Hunting over wire is a mere parlour game beside driving a motor-car where John Chinaman has been at work with his little pick and shovel. Dodging his bunkers was a nerve racking job, both for the observer standing on his high post above the level
of the back of the seats and for the Engineer who was sometimes called on to stop the car in a matter of feet; so nobody was more relieved than these two weary people when a broad road hove in sight and Darwin, twenty miles away, became virtually
an accomplished goal.
     It was a sleepy Sunday afternoon when, at the hour of the siesta, we drove into that queer city. Little black children shining of countenance from Sunday morning's soap were going to Sunday school. There were also brindle children, yellow children, copper coloured children and white children, obviously bent on the same errand. Otherwise, the main streets were deserted, except for an odd wandering horse and the inevitable and interminable

goat, when we drove to the best hotel in the town and aroused a sleepy batman.
     We felt, perhaps, a little slighted that he gave no shout of welcome upon our coming to the end of our 3,300 mile journey. We were amazed and indignant, too, when we had to be unpleasant to him and quote the law to persuade him to wake the
proprietress, who presently appeared in white muslin and a very bad temper.
     No, she said, she had no rooms. If we wanted rooms we should have wired for them. She did not take strangers in unless she knew them. She was quite obdurate and civilised. I asked if we could get accommodation elsewhere and she instantly
named a place, which Francis forthwith loudly despised as a haunt of blacks and Chinamen.
     Fortunately, at this moment, I became aware of an unsavoury individual, presumably standing behind me, whose form was reflected all too clearly in a large, double looking-glass at the end of the hall. He was garbed in what might once have been a khaki shirt-it might once, indeed, in its youth, have been even clean--a pair of blackfellow's dungaree trousers frayed into thread at the bottoms, from the belt whereof depended one very large knife and some strong string which could reasonably have been mistaken for a strangling cord. Below the frayed bottoms of the dungarees and a pair of swollen and dirty bare ankles, the stranger was shod in blood-stained sand shoes, one with a flapping sole, and above his unprepossessing sartorial outfit was one of the most astonishingly villainous sets of dirty whiskers I had ever seen.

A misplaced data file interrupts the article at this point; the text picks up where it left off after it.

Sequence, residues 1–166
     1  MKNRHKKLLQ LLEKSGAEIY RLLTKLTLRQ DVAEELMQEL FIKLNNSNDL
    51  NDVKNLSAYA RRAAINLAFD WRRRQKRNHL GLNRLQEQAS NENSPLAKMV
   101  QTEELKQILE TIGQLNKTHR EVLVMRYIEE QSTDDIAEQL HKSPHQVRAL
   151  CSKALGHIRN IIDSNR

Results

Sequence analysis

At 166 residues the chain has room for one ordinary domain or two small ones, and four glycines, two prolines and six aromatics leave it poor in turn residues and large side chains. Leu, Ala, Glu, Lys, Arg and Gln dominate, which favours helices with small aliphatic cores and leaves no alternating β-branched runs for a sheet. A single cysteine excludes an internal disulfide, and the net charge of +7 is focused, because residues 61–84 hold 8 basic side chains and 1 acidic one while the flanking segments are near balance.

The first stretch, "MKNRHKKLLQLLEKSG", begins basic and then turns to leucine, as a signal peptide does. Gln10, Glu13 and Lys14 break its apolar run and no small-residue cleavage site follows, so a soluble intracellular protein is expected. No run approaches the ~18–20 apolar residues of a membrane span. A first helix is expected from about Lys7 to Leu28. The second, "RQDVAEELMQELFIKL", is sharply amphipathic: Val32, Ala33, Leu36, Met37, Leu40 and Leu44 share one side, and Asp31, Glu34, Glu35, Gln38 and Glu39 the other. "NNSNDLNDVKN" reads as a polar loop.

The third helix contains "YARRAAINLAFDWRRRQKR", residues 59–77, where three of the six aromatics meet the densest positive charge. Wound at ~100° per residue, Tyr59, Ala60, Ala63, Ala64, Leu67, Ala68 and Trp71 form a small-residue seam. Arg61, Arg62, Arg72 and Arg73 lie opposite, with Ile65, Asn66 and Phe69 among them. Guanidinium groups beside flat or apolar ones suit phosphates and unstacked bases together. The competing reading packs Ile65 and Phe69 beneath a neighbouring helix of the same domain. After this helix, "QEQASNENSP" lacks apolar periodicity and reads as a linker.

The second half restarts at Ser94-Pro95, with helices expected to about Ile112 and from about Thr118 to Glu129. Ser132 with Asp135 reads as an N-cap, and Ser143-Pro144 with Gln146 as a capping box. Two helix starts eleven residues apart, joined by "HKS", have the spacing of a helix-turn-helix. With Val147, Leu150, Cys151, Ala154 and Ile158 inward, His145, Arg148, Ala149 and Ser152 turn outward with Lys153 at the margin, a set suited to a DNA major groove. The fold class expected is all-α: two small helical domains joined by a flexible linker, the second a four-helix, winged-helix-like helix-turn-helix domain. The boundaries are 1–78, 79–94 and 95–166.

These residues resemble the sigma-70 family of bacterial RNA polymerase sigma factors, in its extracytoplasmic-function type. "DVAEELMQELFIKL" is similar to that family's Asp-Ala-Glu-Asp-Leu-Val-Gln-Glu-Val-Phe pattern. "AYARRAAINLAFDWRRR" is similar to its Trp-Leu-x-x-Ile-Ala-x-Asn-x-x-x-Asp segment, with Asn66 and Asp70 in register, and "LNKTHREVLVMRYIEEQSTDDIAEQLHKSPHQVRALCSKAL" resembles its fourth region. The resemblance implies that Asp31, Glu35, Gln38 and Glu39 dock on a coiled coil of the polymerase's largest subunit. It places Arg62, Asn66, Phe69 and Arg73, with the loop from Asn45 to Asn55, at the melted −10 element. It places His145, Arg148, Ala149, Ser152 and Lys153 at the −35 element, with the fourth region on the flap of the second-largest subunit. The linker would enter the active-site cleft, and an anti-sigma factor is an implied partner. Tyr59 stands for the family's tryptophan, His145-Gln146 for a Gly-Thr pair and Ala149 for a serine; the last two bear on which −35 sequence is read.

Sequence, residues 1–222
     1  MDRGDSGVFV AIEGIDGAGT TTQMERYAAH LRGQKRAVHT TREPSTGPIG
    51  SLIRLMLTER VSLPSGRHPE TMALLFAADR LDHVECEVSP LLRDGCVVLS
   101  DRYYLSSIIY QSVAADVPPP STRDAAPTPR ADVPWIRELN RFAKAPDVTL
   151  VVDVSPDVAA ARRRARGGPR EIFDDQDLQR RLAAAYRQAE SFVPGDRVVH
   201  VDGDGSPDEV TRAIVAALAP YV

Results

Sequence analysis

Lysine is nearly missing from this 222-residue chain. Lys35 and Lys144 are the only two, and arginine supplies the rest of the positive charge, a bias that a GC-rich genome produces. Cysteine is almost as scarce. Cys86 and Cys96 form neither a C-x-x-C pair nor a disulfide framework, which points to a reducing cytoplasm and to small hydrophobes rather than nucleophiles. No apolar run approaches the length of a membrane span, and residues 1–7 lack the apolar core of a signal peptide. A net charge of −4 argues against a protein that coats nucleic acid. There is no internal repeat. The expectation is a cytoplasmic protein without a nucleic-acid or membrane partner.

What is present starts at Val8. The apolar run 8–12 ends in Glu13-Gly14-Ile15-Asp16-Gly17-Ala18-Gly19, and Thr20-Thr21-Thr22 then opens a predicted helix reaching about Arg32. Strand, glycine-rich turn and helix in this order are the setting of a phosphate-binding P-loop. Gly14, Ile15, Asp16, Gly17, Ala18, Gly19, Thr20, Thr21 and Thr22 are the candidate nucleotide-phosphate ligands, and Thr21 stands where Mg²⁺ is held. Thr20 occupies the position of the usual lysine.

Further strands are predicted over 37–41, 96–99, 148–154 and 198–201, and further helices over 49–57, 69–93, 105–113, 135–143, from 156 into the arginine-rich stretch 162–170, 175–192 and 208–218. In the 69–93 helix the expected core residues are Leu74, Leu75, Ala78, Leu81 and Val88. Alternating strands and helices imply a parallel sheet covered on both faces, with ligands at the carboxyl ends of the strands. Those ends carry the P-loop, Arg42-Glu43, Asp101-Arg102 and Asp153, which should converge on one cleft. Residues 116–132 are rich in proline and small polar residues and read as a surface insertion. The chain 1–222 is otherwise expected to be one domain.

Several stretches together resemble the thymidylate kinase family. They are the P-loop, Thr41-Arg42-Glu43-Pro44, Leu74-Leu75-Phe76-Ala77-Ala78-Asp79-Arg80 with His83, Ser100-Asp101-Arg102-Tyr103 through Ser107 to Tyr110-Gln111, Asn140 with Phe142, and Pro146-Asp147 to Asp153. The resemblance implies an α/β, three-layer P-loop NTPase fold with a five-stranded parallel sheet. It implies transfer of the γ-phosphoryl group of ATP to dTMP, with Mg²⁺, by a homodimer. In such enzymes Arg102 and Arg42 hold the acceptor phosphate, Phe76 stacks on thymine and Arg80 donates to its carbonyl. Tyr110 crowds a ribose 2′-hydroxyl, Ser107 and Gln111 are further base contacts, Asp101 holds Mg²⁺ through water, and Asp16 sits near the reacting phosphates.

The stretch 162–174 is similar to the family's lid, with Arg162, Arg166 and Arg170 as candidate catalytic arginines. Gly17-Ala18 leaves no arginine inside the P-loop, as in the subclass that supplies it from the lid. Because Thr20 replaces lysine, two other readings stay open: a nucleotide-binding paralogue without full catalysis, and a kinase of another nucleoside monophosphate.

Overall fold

While I was meditating on the unpleasantness of this unhappy human specimen, the thought struck me like a chilly blast that it was myself and that I had better get identified if we hoped to sleep in beds that night.
     It took hard work and much eloquence to persuade the landlady that we were admissible into decent hotel society. She had heard that we were coming, but she had also heard that I was a city journalist and she had expected riding breeches, Bedford cords and manicured hands, Bush or no Bush. I think it took her quite a little while definitely to rid herself of the suspicion that I was an interloper who had murdered the real heir to her hospitality.
     However, when we had got ourselves into whites,she more than atoned for her cold suspicion by giving us the best rooms in the house and abrogating in our favour the rules which limited the use of bath-rooms by ordinary guests.
     In half an hour we were civilised and immaculate. We had, in the words of the Engineer, a " good shot of whisky inside us"  ; our beards were trimmed; we had had a meal which we had not had to cook and we were all very sleepy.